US 3713912 A
A technique is described for the fabrication of a self-registered gallium arsenide field effect structure including at least one semi-insulating surface layer. The technique involves forming a semi-insulating layer including a surface coating on a conductive material upon the surface of n-type gallium arsenide, generating a pair of windows in such layer and introducing either a p-type or n-type material through the windows.
Description (OCR text may contain errors)
United States Patent 1 Schwartz 1 Jan. 30, 1973  GALLIUM ARSENIDE FIELD EFFECT STRUCTURE  Inventor: Bertram Schwartz, Westfield, NJ.
 Filed: Feb.11, 1971  Appl.No.: 114,551
 U.S. Cl. ..l48/187, 148/15, 148/188, 317/235 B [5 1] Int. Cl. ..H01l 7/44  Field of Search ..l48/l.5, DIG. 187,188
 References Cited UNITED STATES PATENTS 3,507,709 4/l970 Bower ..148/l.5 3,576,478 4/1971 Watkins et al ..l48/175 X FOREIGN PATENTS OR APPLICATIONS 1,140,579 l/l969 Great Britain ..l48/l88 OTHER PUBLICATIONS Lehman, Chemical and Ambient Effects on Surface Conductionetc.,lBM Journal, September 1964, pp.
Primary ExaminerLi Dewayne Rutledge Assistant ExaminerJ. M. Davis Att0rneyR. J. Guenther, Edwin B. Cave and R. .l. Guenther  ABSTRACT A technique is described for the fabrication of a selfregistered gallium arsenide field effect structure including at least one semi-insulating surface layer. The technique involves forming a semi-insulating layer including a surface coating on a conductive material upon the surface of n-type gallium arsenide, generating a pair of windows in such layer and introducing either a p-type or n-type material through the windows.
3 Claims, 5 Drawing Figures PATENTED JAN 3 0 I973 SHEET 2 OF 2 FIG. 5'
TEMPERATURE c H 2 3 U W W Field of the Invention This invention relates to field effect devices. More particularly, the present invention relates to a self-registered gallium arsenide field effect structure including at least one semi-insulating surface layer.
DESCRIPTION OF THE PRIOR ART The field effect device has been known for several decades and typically includes a semiconductive material in which the current flow characteristics of charge carriers can be influenced by the application of an externally applied field. Among the more popular of such devices is the field effect transistor which is a semiconductive device including a conducting channel of a semiconductive material intermediate a pair of ohmic contacts designated as the source and drain, respectively. The number of charge carriers available to carry current in the conducting channel of the device is controlled by the application of an electric field to the surface of the semiconductive material by means of a charged gate. This end may be attained in either of two well-known means, namely, the insulated gate and the junction gate.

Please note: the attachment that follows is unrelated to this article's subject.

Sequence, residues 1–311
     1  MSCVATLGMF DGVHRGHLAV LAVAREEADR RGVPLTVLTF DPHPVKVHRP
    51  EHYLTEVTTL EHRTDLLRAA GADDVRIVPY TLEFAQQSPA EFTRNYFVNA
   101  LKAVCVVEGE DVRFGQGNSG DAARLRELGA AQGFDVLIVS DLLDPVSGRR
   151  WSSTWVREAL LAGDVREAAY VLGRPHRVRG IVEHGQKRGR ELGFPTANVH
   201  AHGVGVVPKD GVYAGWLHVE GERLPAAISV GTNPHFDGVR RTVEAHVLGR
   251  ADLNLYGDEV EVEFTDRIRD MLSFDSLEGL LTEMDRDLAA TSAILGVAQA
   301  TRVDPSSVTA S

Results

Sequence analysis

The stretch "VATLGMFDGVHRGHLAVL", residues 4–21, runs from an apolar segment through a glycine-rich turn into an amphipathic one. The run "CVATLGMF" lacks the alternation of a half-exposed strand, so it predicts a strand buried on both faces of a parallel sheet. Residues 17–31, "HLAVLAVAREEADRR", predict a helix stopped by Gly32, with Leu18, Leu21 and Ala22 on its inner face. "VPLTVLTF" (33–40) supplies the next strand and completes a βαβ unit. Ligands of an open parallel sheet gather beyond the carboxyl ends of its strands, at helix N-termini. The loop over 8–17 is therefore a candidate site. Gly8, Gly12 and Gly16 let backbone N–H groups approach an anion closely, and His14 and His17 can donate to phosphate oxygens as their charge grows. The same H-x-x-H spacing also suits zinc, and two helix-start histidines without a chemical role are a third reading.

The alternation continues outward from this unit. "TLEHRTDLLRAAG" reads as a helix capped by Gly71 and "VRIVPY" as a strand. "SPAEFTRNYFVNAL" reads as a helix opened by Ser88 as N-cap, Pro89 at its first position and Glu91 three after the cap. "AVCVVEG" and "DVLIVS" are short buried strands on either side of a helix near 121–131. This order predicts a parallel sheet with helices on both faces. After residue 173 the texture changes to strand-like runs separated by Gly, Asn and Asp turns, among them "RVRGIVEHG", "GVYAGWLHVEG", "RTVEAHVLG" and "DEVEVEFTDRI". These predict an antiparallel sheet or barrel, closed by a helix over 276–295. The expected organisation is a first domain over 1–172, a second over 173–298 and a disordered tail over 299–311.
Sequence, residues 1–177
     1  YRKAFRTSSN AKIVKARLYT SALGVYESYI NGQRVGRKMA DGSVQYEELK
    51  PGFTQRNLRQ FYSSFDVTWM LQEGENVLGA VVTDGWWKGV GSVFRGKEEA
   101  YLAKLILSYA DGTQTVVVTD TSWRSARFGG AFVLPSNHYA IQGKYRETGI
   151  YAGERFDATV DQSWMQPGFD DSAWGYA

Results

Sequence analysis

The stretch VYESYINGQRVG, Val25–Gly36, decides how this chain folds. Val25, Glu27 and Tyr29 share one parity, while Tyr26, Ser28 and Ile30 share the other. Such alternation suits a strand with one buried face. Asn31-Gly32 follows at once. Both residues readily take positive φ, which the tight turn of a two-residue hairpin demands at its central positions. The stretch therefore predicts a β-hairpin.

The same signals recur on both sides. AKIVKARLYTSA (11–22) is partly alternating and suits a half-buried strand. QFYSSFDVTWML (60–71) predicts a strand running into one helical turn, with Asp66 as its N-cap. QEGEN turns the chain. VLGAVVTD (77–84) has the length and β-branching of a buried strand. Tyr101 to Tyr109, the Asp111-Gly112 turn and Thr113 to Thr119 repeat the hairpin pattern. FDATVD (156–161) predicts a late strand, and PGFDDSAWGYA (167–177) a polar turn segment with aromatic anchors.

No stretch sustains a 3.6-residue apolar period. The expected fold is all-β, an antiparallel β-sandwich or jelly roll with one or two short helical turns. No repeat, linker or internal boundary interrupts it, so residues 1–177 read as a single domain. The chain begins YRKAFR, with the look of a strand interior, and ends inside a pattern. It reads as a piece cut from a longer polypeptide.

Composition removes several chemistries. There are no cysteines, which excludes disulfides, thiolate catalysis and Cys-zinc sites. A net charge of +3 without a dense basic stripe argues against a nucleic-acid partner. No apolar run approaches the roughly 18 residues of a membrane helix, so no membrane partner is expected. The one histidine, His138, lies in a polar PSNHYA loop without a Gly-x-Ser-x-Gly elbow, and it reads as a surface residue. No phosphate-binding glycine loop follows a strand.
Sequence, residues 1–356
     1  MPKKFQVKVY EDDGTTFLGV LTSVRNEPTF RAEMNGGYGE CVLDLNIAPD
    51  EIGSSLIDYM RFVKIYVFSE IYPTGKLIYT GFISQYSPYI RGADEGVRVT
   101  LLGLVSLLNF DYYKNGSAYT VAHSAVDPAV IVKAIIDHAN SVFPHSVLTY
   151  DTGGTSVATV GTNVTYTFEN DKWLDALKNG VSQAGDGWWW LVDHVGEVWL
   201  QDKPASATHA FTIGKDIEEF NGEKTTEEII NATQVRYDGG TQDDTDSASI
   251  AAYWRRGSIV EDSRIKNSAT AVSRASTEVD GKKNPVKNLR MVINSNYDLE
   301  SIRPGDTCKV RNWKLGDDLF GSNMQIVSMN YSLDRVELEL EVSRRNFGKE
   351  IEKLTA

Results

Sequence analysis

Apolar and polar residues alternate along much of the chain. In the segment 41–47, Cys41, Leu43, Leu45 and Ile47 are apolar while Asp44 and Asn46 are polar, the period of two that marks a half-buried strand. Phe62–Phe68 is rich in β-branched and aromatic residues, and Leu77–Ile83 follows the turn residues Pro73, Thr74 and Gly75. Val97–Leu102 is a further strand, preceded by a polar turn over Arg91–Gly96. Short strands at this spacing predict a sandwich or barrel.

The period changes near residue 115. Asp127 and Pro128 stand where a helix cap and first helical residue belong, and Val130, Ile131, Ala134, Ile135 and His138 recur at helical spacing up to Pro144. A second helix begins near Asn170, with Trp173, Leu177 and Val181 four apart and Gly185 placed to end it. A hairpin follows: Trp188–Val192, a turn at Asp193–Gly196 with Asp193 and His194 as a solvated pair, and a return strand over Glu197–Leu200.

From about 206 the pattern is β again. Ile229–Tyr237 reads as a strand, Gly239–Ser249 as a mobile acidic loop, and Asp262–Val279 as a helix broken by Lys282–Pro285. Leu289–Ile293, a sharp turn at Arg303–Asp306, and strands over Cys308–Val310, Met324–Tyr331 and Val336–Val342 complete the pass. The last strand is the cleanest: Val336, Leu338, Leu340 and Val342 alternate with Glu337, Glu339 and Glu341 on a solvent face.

Although the field effect transistor (PET) was discovered more than 20 years ago, its significance has been overshadowed by the bipolar transistor which absorbed the bulk of the technological interest in the years that followed. However, workers in the art have recently refocused their interest on the field effect transistor. Among the more prominent materials considered for such applications is gallium arsenide, which offers greater electron mobility, higher power capabilities and lower noise characteristics than most semiconductive materials.
Unfortunately, gallium arsenide FET structures, particularly of the insulated gate variety, are difficult to fabricate and require a series of process steps to attain mask re-registration, a major problem heretofore having been the inability to overcome the fact that externally applied dielectrics, which are not indigenous to the system, have been required. Furthermore, such devices rely upon the use of a junction which is at the crystallographic surface of the semiconductor, so requiring that contaminants of a polar nature be eliminated or precluded from forming on the surface of the semiconductive material. 7
Another field effect device which has recently generated interest is the field influenced transferred electron oscillator in which the effective bulk of the material where the electron flow is taking place is modified by externally applied fields which influence the form of the output signal.
SUMMARY OF THE INVENTION In accordance with the present invention, a technique is described for the fabrication of a self-registered gallium arsenide field effect structure including at least one semi-insulating surface layer. The technique involves forming a semi-insulating layer including a surface coating ofa conductive material upon the surface of n-type gallium arsenide, generating a pair of windows in such layer and introducing either a ptype or n-type material through the windows, so resulting in the formation of either an insulated gate field effect transistor (IGFET) or a field effect transferred electron oscillator (FETEO).
BRIEF DESCRIPTION OF THE DRAWING The invention will be more readily understood by reference to the following detailed description taken in conjunction with the following drawing wherein:
FIG. 1 is a front elevational view in cross section ofa sample of n-type gallium arsenide amenable to processing in accordance with the present invention;
FIG. 2 is a cross-sectional view of the structure of FIG. 1 after the formation therein of a semi-insulating layer including a surface coating of a conductive material;
FIG. 3 is a cross-sectional view of the structure of FIG. 2 after the generation therein of a pair of windows;
FIG. 4 is a cross-sectional view of the structure of FIG. 3 after the formation of a pair of contacts in the window area; and
FIG. 5 is a graphical representation on coordinates of temperature in degrees centigrade against chromium diffusion coefficient in centimeters per square second showing variations in diffusion coefficient with variations in temperature.
DETAILED DESCRIPTIGN With reference now to FIG. 1 there is shown in crosssectional view a sample of n-type gallium arsenide l1, typically having a carrier concentration within the range of l0 to 10 free carriers per cubic centimeter and a bandgap within the range of l to 2.5 electron volts. The gallium arsenide selected for use herein is typically obtained from commercial sources and may be grown by any of the well-known procedures as, for example, floating zone techniques, the Bridgman technique, et cetera.
The gallium arsenide so obtained is initially cut into the desired size, lapped, etched and polished in accordance with conventional procedures. Thereafter, a material capable of generating a deep center and high resistivity l0 to 10 ohm-centimeters) in the gallium arsenide is introduced into the crystal. This end may conveniently be attained by 1) electroplating the material on to the major surfaces of the sample, (2) by vapor transport techniques, or (3) by vacuum deposi-.